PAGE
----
22. Pino MR, Val J, Mainar AM, Zuriaga E, Español C, Langa E. Acute toxicological effects on the earthworm Eisenia fetida of 18 common pharmaceuticals in artificial soil. Sci Total Environ 2015;518: 225-237 https://doi.org/10.1016/j.scitotenv.2015.02.080 .
crossref pmid
23. Liu F, Ying GG, Tao R, Zhao JL, Yang JF, Zhao LF. Effects of six selected antibiotics on plant growth and soil microbial and enzymatic activities. Environmental Pollution 2009;157(5):1636-1642 http://doi.org/10.1016/j.envpol.2008.12.021 .
crossref pmid
24. Ajibola AS, Zwiener C. Occurrence and risk assessment of antibiotic residues in sewage sludge of two Nigerian hospital wastewater treatment plants. Water Air Soil Pollut 2022;233: 405 https://doi.org/10.1007/s11270-022-05875-4 .
crossref
25. ECHA. 2008. Guidance on information requirements and chemical safety assessment chapter R.10: Characterization of dose [concentration] - response for environment (65); European Chemicals Agency; Helsinki, Finland: https://echa.europa.eu/documents/10162/13632/information_requirements_r10_en.pdf/bb902be7-a503-4ab7-9036-d866b8ddce69 .

26. ECHA. 2016. Guidance on information requirements and chemical safety assessment chapter R.16: Environmental exposure assessment. ECHA-16-G-03-EN (178); European Chemicals Agency; Helsinki, Finland: https://echa.europa.eu/documents/10162/13632/information_requirements_r16_en.pdf/b9f0f406-ff5f-4315-908e-e5f83115d6af .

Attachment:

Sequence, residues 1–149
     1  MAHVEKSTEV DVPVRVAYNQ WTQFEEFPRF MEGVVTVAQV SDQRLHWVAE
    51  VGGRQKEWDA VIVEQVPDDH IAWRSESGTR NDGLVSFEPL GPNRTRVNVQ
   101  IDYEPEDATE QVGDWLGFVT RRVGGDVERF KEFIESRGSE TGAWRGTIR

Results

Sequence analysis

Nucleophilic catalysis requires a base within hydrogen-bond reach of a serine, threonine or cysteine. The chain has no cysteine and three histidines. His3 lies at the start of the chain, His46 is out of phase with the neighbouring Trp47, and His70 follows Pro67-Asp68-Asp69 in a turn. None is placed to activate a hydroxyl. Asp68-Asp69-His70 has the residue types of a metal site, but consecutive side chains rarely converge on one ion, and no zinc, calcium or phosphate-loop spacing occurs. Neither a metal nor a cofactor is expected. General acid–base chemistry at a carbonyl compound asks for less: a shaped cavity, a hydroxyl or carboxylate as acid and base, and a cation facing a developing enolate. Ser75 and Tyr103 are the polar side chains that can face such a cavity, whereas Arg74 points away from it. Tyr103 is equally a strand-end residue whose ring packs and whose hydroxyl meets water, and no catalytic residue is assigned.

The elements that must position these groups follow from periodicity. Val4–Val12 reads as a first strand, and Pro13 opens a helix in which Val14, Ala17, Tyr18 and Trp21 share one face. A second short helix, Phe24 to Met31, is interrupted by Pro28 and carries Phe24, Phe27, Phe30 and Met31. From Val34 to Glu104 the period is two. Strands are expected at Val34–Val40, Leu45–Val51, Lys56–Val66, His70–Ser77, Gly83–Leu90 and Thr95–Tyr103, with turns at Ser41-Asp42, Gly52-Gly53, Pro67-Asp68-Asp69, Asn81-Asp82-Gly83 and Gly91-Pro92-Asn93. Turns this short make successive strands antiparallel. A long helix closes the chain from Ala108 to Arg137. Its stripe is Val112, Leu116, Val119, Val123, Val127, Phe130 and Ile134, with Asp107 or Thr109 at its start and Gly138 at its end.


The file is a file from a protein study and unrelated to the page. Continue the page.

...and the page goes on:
27. Kim S, Aga DS. Potential ecological and human health impacts of antibiotics and antibiotic-resistant bacteria from wastewater treatment plants. Journal of Toxicology and Environmental Health, Part B 2007;10(8):559-573 https://doi.org/10.1080/15287390600975137 .
crossref pmid
28. Iatrou EI, Stasinakis AS, Thomaidis NS. Consumption-based approach for predicting environmental risk in Greece due to the presence of antimicrobials in domestic wastewater. Environmental Science & Pollution Research 2014;21(22):12941-12950 https://doi.org/10.1007/s11356-014-3243-7 .
crossref pmid
29. Isidori M, Lavorgna M, Nardelli A, Pascarella L, Parrella A. Toxic and genotoxic evaluation of six antibiotics on non-target organisms. Sci Total Environ 2005;346(1):87-98 https://doi.org/10.1016/j.scitotenv.2004.11.017 .
crossref pmid
30. Sanderson H, Johnson DJ, Wilson CJ, Brain RA, Solomon KR. Probabilistic hazard assessment of environmentally occurring pharmaceuticals toxicity to fish, daphnids and algae by ECOSAR screening. Toxicol Lett 2003;144(3):383-395 https://doi.org/10.1016/S0378-4274(03)00257-1 .
crossref pmid